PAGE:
When Prog catches up with Steve Hillage he is in a very good mood, having finally got his hands on the finished artwork for Searching For The Spark 1969-1991. This 22-disc boxed set collects his official studio and live releases, as well as copious demos, outtakes and other sonic artefacts and curios, many of which are previously unreleased.
Representing the most comprehensive collection of his work gathered together in one place, complete with a 188-page book, it is without doubt the Holy Grail for Hillage fans. “It looks absolutely great,” laughs the guitarist, with more than a hint of parental pride in his voice.
Several times during our conversation, Hillage sounds slightly surprised at the sheer variety of musical settings he found himself exploring for over five decades as a professional player. Rising to prominence with Gong, he shaped much of the musical direction on the Radio Gnome trilogy, all now widely regarded as classics. As he turned in his echo-infused cosmic spiral soloing, his beatific grin became as much a part of the group’s visual identity as Daevid Allen’s Pot Head Pixies. Though his 1975 solo debut Fish Rising was recorded while he was still in Gong, it was with 1976’s L that he stepped into the spotlight as a solo artist. “It was a whole new episode for me. I wasn’t consciously trying to make it not sound like Gong – I was just running with the ball basically.”
Hillage seems to relish challenging expectations. He once played with Sham 69 at Reading Festival, and as a successful record producer during the 1980s, he worked with artists as diverse as Simple Minds, Murray Head, Tony Banks, Carte de Séjour and Rachid Taha. Along with his creative and life partner Miquette Giraudy, in the 1990s he reinvented himself as pioneering dance outfit System 7, with whom he enjoyed numerous collaborations with Alex Patterson, Paul Oakenfold and other dance scene luminaries. Given Hillage’s ability to see beyond generic confines, it’s not surprising that he earned the Visionary Award at 2013’s Progressive Music Awards.
“It’s not like there was ever a grand plan,” he explains. “I just went with the things I was interested in.”
The new boxed set includes demos from your earliest recordings as well as outtakes and so on. Was it daunting having to sort through all that material?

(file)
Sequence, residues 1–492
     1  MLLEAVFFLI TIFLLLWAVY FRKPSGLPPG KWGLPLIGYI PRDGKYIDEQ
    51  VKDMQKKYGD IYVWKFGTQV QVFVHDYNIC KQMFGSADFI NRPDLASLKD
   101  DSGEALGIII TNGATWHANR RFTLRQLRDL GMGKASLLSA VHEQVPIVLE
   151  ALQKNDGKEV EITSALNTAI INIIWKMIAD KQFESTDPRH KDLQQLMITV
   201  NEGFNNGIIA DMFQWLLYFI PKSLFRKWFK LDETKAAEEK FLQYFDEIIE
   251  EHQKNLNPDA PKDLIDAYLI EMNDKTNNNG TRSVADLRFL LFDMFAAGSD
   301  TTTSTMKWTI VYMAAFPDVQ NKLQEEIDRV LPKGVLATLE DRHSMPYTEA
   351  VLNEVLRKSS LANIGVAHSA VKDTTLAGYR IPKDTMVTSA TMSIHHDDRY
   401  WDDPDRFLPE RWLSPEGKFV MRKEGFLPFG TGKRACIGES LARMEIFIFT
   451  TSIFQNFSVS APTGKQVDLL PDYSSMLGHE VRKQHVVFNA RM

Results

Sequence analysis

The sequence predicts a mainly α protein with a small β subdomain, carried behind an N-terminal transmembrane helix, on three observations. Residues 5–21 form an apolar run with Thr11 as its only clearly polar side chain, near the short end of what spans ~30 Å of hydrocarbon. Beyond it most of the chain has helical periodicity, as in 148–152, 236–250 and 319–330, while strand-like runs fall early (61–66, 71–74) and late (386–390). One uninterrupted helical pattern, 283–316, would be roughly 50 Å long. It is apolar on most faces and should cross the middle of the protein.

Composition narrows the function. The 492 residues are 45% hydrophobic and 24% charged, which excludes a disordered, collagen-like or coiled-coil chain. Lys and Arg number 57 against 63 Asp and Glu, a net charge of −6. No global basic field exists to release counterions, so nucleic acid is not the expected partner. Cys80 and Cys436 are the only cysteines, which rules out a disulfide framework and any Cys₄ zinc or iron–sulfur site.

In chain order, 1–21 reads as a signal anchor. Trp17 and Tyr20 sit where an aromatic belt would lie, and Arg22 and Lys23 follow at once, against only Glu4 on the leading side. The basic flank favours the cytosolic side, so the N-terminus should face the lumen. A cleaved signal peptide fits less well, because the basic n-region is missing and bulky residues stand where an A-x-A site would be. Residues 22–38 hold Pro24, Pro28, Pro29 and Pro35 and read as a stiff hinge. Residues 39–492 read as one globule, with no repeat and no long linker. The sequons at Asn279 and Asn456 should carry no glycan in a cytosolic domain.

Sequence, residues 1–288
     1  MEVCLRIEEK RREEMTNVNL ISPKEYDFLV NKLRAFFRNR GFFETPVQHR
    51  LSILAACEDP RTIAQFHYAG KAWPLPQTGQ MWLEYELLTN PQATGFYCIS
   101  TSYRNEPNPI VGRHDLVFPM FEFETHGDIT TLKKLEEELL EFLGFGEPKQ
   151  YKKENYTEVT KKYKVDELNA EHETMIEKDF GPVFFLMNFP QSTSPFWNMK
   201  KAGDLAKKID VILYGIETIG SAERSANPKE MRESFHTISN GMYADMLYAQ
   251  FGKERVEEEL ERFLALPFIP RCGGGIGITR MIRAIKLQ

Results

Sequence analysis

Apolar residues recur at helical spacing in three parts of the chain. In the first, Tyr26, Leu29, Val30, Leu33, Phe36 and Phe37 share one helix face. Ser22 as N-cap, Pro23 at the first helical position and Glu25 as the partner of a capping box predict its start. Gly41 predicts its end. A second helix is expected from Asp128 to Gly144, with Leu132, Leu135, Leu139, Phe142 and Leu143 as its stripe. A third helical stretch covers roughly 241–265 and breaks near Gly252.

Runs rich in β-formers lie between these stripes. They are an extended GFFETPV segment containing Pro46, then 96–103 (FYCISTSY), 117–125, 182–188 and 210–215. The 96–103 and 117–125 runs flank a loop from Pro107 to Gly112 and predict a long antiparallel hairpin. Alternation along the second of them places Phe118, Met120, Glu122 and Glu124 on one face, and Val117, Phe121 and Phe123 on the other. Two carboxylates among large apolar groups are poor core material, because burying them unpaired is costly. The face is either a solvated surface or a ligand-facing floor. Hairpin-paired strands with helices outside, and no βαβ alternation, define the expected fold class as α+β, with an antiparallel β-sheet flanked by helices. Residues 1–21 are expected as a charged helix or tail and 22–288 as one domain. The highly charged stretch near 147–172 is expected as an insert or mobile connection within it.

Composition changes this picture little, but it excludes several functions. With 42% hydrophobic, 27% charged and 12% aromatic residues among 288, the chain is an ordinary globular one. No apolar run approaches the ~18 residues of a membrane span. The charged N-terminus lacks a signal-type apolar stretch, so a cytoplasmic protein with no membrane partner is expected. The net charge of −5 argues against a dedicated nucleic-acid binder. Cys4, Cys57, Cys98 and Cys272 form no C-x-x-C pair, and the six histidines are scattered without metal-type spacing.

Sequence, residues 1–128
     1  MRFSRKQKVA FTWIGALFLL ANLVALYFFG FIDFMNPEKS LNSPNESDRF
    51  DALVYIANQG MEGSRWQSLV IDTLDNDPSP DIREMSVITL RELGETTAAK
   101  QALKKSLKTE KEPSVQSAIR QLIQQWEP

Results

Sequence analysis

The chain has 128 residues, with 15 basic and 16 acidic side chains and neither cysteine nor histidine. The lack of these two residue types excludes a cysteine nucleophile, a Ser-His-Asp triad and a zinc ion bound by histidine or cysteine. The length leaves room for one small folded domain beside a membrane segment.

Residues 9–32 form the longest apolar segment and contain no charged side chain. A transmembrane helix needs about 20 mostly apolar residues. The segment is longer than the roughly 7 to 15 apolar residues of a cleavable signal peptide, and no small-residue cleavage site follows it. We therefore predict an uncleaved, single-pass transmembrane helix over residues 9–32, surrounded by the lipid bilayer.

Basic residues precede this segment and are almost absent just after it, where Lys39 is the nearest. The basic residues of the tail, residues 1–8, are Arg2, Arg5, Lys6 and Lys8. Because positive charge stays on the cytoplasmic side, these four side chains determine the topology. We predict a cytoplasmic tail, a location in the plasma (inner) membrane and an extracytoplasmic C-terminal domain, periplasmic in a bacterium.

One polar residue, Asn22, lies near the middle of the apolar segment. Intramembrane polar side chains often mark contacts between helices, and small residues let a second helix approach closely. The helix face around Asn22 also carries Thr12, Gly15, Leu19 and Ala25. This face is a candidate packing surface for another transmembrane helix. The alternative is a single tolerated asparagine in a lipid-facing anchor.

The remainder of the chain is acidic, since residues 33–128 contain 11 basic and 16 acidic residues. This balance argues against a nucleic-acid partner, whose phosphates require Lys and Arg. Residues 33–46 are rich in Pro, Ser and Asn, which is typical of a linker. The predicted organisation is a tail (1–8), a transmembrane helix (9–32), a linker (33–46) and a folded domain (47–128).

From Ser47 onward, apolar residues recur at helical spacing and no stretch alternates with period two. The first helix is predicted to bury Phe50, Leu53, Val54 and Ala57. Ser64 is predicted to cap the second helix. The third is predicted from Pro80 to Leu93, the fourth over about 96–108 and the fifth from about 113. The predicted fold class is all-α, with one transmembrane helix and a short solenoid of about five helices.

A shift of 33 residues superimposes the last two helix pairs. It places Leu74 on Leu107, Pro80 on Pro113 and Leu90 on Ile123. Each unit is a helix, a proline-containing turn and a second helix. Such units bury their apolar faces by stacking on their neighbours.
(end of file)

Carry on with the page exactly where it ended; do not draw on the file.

Oh, I didn’t mind it actually. I spent a long time going through my dog-eared tapes and we came up with some really good stuff. I’m really happy with it. The initial reaction of some people online when we announced the price was, “How can they expect us to pay that much for all these records that we’ve already got?” But I actually think we’ve got it pitched pretty good. The thing that took a lot of time was creating a good balance with the unreleased material. So I’ve got a nice spread through the whole period, and not over-focusing on any one particular time.
You didn’t feel you were too close to your own music?
That’s where Jonny Green (Hillage and Gong expert) was so important in the whole process. He was like my editor. I couldn’t have done without him. There were quite a few situations where Jonny was adamant that I had to include a particular thing that I wasn’t necessarily so keen on or sure about. We had some creative debates and discussions about those kinds of issues, which all helped produce something that was a nicely balanced result.
Going back to the very start, back when you were a kid, you originally played piano but then switched to guitar. What was the attraction?
I really don’t know. I just loved it. I used to hear things like Lonnie Donegan on Children’s Favourites on the radio. I loved that jangly, strummy thing. Then it was The Shadows and I was like, “I want to do this.” I can’t say why. I really badgered and bothered my parents about it so they got me a little cheap guitar to shut me up. Which I did because I’d go away in my room to practise. It did shut me up. It was a good move.
Was it a happy childhood?